Overall C02 emissions for timber construction (the em-bodied carbon are up to six times lower than the emissions associated with masonry construction materials� UK timber frame association preview 2010 page 19 (www.timber-frame.org)

That statement may not hold much relevance until the Government's stance on this subject is made clear - Come October 2010, the Government will slash the level of permissible CO2 emissions generated by new builds by 30%. There is a further reduction of 30% planned for 2013 and yet another of the same amount due to come in to force in 2016 (www.scotframetimberengineering.co.uk/)

This further proves just how big of a concern this matter is and that the Government are acting quickly and have very clear targets in mind for the future.

Some timber frame companies are also trying to convey this message to the public, as advocated by Deeside timber frame - Raise awareness of environmental issues with our customers, suppliers and staff is listed as one of their objectives regarding environmental matters. (www.deesidetimberframe.co.uk)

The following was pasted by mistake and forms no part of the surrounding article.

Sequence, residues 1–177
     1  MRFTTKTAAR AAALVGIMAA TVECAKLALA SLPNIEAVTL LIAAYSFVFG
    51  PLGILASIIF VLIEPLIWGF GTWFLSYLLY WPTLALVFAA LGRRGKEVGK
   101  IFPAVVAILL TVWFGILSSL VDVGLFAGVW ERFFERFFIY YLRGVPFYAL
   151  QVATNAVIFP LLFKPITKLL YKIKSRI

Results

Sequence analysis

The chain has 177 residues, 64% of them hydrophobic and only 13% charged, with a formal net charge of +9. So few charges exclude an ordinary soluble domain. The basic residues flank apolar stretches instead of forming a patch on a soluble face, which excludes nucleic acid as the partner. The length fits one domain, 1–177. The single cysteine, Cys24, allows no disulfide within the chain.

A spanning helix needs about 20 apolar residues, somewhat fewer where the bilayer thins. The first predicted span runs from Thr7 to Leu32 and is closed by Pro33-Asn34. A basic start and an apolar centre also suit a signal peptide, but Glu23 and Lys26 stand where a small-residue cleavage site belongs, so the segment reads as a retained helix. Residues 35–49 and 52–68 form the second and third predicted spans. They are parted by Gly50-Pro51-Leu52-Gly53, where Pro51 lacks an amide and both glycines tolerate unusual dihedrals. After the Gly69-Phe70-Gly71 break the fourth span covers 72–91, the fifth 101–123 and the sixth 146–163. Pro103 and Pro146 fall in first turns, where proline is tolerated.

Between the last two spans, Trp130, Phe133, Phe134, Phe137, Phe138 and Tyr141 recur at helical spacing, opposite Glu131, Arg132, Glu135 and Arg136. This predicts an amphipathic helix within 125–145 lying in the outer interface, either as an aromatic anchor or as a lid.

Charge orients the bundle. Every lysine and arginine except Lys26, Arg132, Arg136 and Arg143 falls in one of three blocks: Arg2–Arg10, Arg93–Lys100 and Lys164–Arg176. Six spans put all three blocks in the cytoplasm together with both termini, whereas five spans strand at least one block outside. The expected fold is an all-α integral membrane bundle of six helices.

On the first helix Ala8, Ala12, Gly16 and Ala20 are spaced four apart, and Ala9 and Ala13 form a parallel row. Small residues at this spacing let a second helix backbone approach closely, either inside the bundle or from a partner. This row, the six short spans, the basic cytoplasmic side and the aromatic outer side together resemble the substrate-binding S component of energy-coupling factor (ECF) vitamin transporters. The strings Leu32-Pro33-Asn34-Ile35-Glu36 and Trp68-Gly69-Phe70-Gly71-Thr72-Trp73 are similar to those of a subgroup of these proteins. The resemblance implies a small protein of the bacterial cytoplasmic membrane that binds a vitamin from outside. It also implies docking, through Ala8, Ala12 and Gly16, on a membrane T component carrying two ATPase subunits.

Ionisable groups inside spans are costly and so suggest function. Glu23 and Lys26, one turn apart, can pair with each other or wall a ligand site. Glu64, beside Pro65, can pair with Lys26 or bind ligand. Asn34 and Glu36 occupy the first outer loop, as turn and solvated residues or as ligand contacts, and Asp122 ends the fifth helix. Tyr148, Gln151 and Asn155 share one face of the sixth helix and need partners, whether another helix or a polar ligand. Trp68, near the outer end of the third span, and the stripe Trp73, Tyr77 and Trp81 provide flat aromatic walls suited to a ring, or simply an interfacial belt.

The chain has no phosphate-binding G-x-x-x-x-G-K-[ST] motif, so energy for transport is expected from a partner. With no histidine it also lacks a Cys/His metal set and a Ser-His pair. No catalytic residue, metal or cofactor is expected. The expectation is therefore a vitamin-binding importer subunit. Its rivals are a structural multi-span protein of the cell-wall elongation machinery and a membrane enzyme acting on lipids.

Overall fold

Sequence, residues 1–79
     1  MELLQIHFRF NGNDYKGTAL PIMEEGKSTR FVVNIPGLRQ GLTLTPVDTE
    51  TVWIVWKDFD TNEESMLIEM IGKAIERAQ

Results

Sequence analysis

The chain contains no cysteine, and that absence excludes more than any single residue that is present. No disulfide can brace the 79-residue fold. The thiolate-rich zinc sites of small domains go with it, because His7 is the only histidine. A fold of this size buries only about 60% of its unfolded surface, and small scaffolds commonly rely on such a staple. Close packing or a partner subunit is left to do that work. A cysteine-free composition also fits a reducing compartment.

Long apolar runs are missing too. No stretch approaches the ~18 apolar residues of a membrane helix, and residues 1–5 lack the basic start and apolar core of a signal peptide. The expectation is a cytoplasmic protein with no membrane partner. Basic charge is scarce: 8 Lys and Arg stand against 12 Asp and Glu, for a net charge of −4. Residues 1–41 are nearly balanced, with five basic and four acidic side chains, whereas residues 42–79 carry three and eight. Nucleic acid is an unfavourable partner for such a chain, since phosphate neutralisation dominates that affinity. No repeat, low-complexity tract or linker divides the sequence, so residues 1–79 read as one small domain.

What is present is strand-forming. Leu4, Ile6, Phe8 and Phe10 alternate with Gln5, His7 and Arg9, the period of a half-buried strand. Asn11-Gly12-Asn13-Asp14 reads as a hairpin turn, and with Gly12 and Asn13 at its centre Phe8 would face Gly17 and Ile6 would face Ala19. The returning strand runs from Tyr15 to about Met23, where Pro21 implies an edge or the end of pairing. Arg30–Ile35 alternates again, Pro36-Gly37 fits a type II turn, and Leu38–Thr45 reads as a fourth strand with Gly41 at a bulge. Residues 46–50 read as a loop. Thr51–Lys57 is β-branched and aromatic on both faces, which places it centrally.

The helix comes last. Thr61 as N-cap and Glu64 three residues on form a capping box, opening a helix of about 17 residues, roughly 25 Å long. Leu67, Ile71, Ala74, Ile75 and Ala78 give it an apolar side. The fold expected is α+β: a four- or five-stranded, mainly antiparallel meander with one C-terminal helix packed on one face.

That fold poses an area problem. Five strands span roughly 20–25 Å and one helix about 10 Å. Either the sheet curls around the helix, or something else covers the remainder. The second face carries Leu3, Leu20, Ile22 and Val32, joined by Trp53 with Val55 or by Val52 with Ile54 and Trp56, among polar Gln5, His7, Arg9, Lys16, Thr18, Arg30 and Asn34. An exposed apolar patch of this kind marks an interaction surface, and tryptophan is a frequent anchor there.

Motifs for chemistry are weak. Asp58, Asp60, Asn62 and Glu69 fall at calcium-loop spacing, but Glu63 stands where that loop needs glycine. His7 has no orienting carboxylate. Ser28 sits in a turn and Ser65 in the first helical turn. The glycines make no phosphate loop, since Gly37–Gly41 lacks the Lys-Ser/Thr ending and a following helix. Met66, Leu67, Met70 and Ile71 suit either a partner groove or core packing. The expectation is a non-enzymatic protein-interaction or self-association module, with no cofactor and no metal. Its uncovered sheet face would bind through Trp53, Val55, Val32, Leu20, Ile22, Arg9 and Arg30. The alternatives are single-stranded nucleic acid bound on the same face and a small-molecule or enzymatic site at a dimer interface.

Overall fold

Also, since timber is being sourced locally; in Europe and frequently in Scotland- it means there is no long journeys to transport the material overseas as can often be the case with steel when it is in short supply.


Timber is a very sustainable material. This is simply due to the fact that the timber comes from managed forests and for every tree that is cut down - two are planted to replace it. As well as this; the Government also introduced a scheme titled the Code for Sustainable Homes in 2006. UK timber frame association preview 2010 page 7 (www.timber-frame.org)

To summarise, this basically states that the Government wants homes to be more energy efficient and that Level 3 is the basic standard expected in the average housing scheme, with this rising to a Level 6 for all new homes by 2016.

Issues which affect what level the structure will be credited with depend on two things- how energy efficient the buildings fabric is and also how the material itself was sourced. Timber can achieve a good rating on both fronts because as previously mentioned; it is easy to source and doesn't have to be transported long distances and also timber frame buildings have a very good thermal performance and can reduce heating bills.